The differential diagnosis of eyelid neoplasms includes other mass lesions such as granuloma, meibomianitis, localized blepharitis, or congenital dermoid with eyelid involvement. Clinical diagnosis is usually not difficult. Histopathology, and less commonly cytologic evaluation of material obtained by fine needle aspiration can confirm the diagnosis. Complete surgical excision, CO2 laser ablation, or cryotherapy are recommended in most instances. The cure rates for these techniques appear similar. Following surgical excision of a very large neoplasm, the eyelid may need to be reconstructed using a blepharoplastic procedure. In some such cases cryosurgery can be a viable alternative and certainly an easier option. If the neoplasm involves a third or less of the eyelid margin, a simple wedge excision is normally adequate. Careful consideration should be given to the species and/or breed in question, as well as whether the mass is recurrent before removing eyelid margin. For instance, a collie dog that has an eyelid mass cannot tolerate excision of very much lid margin without compromising lid function, due to the tight lid/globe conformation typical of the breed. A four-sided excision can be performed to conserve eyelid margin length. Two full-thickness and parallel cuts are made perpendicular to the eyelid margin, 1-2 mm on either side of the mass. These incisions are extended to the most distal extent of the mass. The incisions are then extended towards eachother to converge at a point distal to the mass. Following full thickness lid mass removal the wound is closed in two layers. A continuous run of 5-0 to 6-0 absorbable suture material is used to close the tarsoconjunctival layer adjacent to the lid margin. Care must be taken not to penetrate palpebral conjunctiva to avoid suture irritation post-operatively. The cutaneous lid margin is best closed using a figure-8 suture. The meibomian gland openings are used as an anatomical landmark for accurate alignment of the lid margin; the suture is passed through the meibomian glands or just to the cutaneous side of them. A figure-8 suture of absorbable material (e.g., 5-0 or 6-0 Vicryl) is used to close the lid margin followed by simple interrupted suture pattern to close the remaining skin.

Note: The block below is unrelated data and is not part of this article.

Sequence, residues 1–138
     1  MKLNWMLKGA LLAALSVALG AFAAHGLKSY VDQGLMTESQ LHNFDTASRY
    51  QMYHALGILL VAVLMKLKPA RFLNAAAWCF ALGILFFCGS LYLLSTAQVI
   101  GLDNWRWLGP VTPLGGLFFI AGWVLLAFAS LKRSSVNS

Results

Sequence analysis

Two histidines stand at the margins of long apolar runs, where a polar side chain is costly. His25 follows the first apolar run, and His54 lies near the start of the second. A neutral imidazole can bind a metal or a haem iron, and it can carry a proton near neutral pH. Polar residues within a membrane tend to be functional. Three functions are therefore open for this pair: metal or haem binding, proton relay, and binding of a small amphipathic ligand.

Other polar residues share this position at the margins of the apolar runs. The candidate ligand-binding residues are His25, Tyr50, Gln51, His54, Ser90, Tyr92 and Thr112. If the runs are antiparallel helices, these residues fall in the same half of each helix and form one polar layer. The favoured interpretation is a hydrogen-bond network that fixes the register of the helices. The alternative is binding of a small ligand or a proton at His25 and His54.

Many masses can easily be ablated with a CO2 laser. This procedure can be performed under general anesthesia, with sedation, or with local anesthesia dependent upon the compliance of the patient, experience of the restraining technician, and confidence of the surgeon. Proparicaine is applied to the globe and a local block of lidocaine is infused in and around the lesion. Tissue raised above the level of the lid or lid margin can be debulked with scissors. The laser is then used to ablate the remaining abnormal tissue. CO2 laser ablation of lid masses is an excellent option for senior or debilitated patients for whom general anesthesia is not possible or deisred.